Effects of dietary folate on intestinal tumorigenesis in the apcMin mouse.Cancer Res 2000; 60(19):5434-40CR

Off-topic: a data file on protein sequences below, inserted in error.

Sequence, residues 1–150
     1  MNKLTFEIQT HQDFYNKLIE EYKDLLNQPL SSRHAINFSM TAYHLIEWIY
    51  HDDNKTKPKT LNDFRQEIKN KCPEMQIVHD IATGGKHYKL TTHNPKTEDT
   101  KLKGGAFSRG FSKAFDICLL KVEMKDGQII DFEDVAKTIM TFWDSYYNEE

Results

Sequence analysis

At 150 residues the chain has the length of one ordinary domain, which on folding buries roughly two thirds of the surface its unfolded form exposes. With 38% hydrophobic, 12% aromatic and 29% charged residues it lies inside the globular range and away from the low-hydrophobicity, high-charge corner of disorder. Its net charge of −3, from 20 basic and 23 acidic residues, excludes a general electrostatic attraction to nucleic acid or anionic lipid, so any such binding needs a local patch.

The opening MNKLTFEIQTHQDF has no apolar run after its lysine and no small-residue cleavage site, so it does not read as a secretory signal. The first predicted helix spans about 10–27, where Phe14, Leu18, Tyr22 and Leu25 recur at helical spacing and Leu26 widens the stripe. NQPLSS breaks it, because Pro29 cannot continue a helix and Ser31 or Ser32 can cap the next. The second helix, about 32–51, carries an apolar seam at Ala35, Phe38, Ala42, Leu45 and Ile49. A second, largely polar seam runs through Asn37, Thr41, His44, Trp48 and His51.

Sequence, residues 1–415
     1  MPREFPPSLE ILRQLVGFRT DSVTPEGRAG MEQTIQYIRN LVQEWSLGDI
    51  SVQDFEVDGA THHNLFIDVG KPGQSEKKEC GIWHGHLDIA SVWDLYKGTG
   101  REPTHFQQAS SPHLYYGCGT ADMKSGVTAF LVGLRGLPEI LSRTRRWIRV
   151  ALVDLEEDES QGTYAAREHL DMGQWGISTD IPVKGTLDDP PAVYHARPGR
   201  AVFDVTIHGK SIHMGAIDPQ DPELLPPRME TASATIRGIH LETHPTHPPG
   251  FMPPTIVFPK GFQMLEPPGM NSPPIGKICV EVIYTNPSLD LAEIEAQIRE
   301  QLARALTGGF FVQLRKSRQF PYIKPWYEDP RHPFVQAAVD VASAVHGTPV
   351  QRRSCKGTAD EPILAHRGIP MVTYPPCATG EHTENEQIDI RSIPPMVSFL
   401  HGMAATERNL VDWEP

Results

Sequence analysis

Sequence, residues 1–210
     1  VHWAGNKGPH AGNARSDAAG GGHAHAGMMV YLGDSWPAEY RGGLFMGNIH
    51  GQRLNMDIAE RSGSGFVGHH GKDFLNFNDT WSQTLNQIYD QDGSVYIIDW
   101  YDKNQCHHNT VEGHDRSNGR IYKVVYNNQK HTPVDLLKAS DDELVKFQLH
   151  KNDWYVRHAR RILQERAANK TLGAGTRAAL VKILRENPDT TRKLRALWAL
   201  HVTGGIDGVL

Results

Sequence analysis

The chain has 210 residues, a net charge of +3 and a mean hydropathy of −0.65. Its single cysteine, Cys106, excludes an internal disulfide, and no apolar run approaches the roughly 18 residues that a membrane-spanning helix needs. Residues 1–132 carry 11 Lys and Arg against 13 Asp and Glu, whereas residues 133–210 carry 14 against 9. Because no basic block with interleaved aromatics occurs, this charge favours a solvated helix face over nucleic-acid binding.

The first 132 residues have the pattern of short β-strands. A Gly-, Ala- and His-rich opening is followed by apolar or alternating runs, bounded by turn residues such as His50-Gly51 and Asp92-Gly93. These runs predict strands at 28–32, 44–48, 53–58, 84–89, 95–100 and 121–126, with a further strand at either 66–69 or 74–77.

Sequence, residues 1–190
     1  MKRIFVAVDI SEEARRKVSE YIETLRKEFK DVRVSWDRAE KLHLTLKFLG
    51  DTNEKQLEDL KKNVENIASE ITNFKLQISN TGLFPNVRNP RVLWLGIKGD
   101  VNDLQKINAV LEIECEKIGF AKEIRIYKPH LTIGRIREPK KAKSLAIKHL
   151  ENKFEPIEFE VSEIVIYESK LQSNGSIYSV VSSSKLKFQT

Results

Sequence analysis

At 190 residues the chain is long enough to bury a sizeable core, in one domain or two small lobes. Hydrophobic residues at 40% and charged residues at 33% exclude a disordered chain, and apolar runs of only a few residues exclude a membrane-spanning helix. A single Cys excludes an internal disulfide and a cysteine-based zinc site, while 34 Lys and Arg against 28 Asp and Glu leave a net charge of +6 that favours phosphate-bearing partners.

Dietary folate appears to be inversely related to colorectal cancer risk. This study investigated the effects of dietary intervention with folate or the development of intestinal polyps in Min (Apc +/-) mice. Weanling Mil mice were fed diets containing 0, 2 (basal requirement), 8, or 20 mg folate/kg diet. At 3 and 6 months of dietary intervention, 50% of the mice from each group were sacrificed, and the small intestine and colon were analyzed for polyps and aberrant crypt foci (ACF). Serum folate concentrations accurately reflected dietary folate levels (P < 0.001). At 3 months no significant difference in the average number of total small intestinal polyps was observed among the four groups. However, increasing dietary folate levels significantly reduced the number of ileal, but not duodenal or jejunal, polyps in a dose-dependent manner (P-trend = 0.001); folate supplementation at 20 mg/kg diet was associated with a 68-78% reduction in the number of ileal polyps compared with the other three diets (P < 0.007). The number of ileal polyps was inversely correlated with serum folate concentrations (P = 0.03). At 3 months, increasing dietary folate levels significantly decreased the number of colonic ACF in a dose-dependent manner (P = 0.05); the control and two folate supplemented diets significantly reduced the number of colonic ACF by 75 100% compared with the folate-deficient diet (P < 0.04). The number of colonic ACF was inversely correlated with serum folate concentration (P = 0.05). No significant difference in the number of colonic adenoma was observed among the four groups at 3 months. At 6 months, no significant differences in the average number of total small intestinal, duodenal, and jejunal polyps, colonic adenomas, and colonic ACF wer observed among the four groups. However, the folate-deficient diet had 62-76% lower number of ileal polyps compared with the control and two folate-supplemented diets (P < 0.003). Serum folate concentrations, but not dietary folate levels, were directly correlated with the number of ilea polyps (P = 0.006). These data suggest that dietary folate supplementation suppresses the development of ileal polyps and colonic ACF in this model However, at later time points, folate supplementation appears to have an opposite effect on ileal polyps. These data generally support the role of folate in intestinal tumorigenesis suggested in epidemiological studies and chemical carcinogen animal models. Notwithstanding the limitations associated with this model, these data suggest that the optimal timing and dose of folate intervention need to be determined for safe and effective folate chemoprevention.